award in 1957 and was second-place winner in 1958. Other drivers
honored for 1959 performance were Irving Worthy who received
$10 for second place; and Will Starnes (right) $5 for third place.
Industries Depend On Each Other
In Order To Produce And Prosper
In the American free-enterprise system of business,
manufacturing and sales organizations must depend upon
each other in order to exist and prosper.
The textile industry utilizes the services of hundreds of
suppliers, large and small. These facts are examples:
• The US textile industry spends as much as $800 mil
lion annually for chemicals.
• To move its production, the country’s textile industry
spends as much as $186 million for transportation every
• The American textile industry spends about $16 mil
lion each year for paint; another $7 million for hardware.
POINTS ON WINTER DRIVING
Do Something About the Weather? You Can!
To Mark 45th Year
The Firestone Non-Skid, em
ployee newspaper of the com
pany’s home factories in Akron,
Ohio, this month will mark its
45th anniversary of continuous
On January 15, 1915 the house
publication was first issued. The
title “Non-Skid’' referred to the
company’s trade name for tires
belonging to the early chapters
of automobile history. Tread
was made up of the words
“NON” and “SKID” in capital
letters at an angle across the
face of the tire.
As a pioneering journal in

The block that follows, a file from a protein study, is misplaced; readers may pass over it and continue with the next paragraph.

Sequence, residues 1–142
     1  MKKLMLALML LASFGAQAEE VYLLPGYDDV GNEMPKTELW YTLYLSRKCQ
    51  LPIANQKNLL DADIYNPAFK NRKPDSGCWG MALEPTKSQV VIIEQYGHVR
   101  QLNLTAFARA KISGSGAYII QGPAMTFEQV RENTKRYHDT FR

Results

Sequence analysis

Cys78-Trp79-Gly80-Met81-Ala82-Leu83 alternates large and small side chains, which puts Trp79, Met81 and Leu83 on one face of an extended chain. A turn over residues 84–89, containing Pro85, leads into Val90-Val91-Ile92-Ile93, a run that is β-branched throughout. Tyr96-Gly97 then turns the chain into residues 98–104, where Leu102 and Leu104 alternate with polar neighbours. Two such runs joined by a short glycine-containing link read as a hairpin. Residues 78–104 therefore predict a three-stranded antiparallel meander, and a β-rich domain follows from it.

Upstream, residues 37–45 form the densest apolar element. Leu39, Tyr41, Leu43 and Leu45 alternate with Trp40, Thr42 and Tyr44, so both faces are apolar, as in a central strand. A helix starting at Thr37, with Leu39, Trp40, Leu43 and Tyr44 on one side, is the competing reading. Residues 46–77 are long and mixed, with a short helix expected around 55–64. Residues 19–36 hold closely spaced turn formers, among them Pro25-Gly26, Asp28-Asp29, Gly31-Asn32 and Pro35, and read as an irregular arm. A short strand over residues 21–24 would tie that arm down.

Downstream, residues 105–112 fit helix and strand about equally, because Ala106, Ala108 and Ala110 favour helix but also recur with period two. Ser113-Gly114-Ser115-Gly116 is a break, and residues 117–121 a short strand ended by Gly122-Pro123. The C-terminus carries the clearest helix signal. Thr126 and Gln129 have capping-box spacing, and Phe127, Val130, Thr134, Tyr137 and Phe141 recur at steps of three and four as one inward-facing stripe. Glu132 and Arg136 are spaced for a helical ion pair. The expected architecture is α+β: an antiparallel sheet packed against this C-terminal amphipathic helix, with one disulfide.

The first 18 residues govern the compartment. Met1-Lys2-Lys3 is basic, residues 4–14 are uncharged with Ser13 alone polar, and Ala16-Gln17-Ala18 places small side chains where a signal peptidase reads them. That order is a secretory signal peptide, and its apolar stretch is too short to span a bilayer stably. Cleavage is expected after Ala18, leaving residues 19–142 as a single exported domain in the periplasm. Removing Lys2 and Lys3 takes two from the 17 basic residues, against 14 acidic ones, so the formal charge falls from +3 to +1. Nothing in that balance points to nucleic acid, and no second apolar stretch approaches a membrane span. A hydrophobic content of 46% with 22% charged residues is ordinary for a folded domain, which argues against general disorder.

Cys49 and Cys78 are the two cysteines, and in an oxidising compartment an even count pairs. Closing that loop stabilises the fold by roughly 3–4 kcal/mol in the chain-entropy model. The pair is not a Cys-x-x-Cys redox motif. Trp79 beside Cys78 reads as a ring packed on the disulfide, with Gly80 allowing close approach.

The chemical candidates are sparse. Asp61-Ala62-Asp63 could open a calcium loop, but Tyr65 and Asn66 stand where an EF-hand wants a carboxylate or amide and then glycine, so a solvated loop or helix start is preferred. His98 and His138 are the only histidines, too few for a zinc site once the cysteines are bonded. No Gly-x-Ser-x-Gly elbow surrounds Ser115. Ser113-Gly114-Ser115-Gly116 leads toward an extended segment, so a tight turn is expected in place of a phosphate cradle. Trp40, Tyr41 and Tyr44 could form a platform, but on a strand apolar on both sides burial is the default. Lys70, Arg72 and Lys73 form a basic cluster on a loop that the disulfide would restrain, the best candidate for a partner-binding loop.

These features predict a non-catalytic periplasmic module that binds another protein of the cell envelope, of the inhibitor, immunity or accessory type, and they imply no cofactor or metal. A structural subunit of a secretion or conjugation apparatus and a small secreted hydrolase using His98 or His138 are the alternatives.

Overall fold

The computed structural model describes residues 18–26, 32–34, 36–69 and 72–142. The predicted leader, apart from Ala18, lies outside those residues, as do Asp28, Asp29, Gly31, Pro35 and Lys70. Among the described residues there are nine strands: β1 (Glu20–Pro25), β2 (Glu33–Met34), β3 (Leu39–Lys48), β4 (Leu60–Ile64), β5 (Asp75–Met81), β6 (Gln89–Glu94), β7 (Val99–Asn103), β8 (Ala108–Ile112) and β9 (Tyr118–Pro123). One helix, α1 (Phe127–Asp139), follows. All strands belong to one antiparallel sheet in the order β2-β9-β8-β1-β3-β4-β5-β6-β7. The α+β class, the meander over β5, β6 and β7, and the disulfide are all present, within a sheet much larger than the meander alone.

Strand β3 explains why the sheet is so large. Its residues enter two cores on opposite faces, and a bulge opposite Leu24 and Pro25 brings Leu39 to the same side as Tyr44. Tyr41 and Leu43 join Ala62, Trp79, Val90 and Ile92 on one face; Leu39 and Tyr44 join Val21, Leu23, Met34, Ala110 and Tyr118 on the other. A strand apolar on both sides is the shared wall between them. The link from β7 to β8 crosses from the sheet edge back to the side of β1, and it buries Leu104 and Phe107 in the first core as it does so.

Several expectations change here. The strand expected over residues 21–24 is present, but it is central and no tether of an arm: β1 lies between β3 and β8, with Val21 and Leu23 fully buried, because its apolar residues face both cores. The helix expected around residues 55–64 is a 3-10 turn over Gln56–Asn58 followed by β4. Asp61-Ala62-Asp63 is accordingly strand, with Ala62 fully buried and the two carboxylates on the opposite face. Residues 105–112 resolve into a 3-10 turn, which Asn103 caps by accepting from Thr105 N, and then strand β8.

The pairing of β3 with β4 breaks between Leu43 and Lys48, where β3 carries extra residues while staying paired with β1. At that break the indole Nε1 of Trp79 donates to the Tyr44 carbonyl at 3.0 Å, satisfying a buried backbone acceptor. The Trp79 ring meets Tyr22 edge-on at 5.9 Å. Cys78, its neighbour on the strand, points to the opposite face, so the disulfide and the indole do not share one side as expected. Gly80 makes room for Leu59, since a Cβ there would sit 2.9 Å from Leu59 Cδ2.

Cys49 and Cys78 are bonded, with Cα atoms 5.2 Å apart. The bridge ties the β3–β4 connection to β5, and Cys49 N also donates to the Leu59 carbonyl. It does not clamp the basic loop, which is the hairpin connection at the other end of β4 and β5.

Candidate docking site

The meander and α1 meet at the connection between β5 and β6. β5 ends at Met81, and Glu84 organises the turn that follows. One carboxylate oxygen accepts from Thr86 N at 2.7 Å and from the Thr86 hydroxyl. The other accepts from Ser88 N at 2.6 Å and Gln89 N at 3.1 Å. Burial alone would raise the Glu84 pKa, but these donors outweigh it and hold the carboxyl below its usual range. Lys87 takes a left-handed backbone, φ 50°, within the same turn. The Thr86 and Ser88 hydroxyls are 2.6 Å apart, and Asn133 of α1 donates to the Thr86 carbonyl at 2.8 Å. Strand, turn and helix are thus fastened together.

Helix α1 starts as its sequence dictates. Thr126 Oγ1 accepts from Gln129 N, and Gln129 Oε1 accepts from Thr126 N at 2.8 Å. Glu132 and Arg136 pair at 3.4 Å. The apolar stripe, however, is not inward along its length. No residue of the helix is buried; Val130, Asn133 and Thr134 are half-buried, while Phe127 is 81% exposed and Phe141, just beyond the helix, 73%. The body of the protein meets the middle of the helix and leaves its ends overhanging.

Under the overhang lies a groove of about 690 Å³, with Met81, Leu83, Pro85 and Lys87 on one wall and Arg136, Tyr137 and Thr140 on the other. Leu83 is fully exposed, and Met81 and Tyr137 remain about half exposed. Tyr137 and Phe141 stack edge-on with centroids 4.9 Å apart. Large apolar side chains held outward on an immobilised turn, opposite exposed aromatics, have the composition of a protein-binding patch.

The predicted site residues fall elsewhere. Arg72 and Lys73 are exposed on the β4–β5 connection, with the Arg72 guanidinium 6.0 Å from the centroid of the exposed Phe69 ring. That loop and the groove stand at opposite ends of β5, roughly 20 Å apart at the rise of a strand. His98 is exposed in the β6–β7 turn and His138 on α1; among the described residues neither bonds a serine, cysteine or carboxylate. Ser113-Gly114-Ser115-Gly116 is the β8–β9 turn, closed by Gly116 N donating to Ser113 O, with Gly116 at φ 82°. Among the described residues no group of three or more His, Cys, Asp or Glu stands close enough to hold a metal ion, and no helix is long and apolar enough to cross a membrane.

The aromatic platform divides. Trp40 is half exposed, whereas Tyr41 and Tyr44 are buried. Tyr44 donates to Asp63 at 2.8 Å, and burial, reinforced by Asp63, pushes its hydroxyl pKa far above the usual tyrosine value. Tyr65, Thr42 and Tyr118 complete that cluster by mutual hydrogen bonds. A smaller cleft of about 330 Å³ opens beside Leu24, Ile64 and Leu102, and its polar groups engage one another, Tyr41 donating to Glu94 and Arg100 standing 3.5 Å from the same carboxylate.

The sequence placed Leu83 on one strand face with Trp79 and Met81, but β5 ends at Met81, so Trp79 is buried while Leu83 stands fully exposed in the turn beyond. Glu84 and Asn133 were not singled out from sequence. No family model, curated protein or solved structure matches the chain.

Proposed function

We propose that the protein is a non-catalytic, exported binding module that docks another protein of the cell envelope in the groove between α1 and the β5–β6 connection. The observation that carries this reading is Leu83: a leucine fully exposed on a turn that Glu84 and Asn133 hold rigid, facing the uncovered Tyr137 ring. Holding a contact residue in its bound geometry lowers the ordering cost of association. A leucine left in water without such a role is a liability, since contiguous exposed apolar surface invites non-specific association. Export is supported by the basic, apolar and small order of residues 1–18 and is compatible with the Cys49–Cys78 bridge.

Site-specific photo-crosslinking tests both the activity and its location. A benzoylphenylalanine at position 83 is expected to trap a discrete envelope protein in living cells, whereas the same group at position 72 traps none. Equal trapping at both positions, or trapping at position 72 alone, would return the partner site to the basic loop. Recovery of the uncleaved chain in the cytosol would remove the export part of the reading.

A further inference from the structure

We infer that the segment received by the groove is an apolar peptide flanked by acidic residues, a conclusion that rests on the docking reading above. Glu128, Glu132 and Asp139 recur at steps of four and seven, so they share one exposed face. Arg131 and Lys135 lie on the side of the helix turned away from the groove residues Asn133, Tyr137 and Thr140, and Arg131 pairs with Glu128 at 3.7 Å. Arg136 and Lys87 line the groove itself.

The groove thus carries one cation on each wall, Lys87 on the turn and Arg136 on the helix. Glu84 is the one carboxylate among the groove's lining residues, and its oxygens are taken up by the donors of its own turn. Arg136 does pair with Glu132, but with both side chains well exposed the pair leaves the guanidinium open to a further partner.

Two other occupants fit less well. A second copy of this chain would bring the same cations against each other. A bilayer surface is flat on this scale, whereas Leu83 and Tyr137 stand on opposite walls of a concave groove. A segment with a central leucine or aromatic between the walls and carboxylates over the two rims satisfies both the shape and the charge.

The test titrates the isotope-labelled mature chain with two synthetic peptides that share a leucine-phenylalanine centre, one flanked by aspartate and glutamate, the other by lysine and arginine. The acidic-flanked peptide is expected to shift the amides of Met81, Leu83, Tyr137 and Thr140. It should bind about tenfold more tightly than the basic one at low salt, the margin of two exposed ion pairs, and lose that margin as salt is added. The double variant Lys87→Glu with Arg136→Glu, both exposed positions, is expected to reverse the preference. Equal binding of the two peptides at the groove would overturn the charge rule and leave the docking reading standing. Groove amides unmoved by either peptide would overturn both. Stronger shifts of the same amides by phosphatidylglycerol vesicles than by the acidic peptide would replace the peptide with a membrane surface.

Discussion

the industrial field, the Akron
employee publication has played
an influential role in the Fire
stone company’s development
across the years.
Firestone was among the first
of American industries to recog
nize the value of the printed-
page type of communication
with employees. Today, the
company has 12 employee pub
lications at its major United
States and Canadian factories,
and several at its foreign in
After the wine-like air of autumn has turned
to an icy breath which often invades the Mid-
South in January and February, it’s time to
reckon with those villains of winter driving.
In summer the job of driving a motor vehicle
is fairly easy, with roads free of such hazards as
snow and ice, and windshields usually clear. Too,
there are more hours of daylight at morning and
evening rush hours, when people are on their
way to or from office and factory.
But for winter driving, there is an altogether
different situation behind the steering wheel. This
reminder is from the National Safety Council.
Many motorists, says the NSC, duped into con
fidence of a summer driving pattern, may find
themselves unprepared for the added dangers of
BASED on information from the council, here
are questions on some finer points of winter
: : If my car starts to skid on glare ice, what
should I do?—Keep your foot off the brake and
steer in the direction of the skid.
: : Is there any way to stop quickly on icy
pavement?—No, but a fast pumping of brakes will
stop you the quickest and allow you to keep con
trol of the car.
; ; How fast should I drive in winter?—That
depends. It takes you 12 times as far to stop on
ice or snow as it does on dry surfaces.
The following driving tips are the basis of a
good review on winter-driving practices:
1. Orient your driving habits and renew your
determination to avoid accidents. Put your car in
condition for winter going.
2. Remember the usefulness of snow tires.
3. Keep windshield and windows clear. Make
sure your wipers, heater and defroster are work'
4. When you are out on the road—but away
from traffic—try your brakes gently to get the
“feel” of the road.
5. Follow other vehicles at a safe distance. R®'
member that stopping formula: It takes up to 12
times to stop on ice and snow as it does on dry
6. The best way to stop on winter roads, while
still keeping full control of your car, is a fast up'
and-down pumping of your brakes.
Did somebody say you couldn’t 'do anythiii^
about the weather?
You can. You can be ready for it!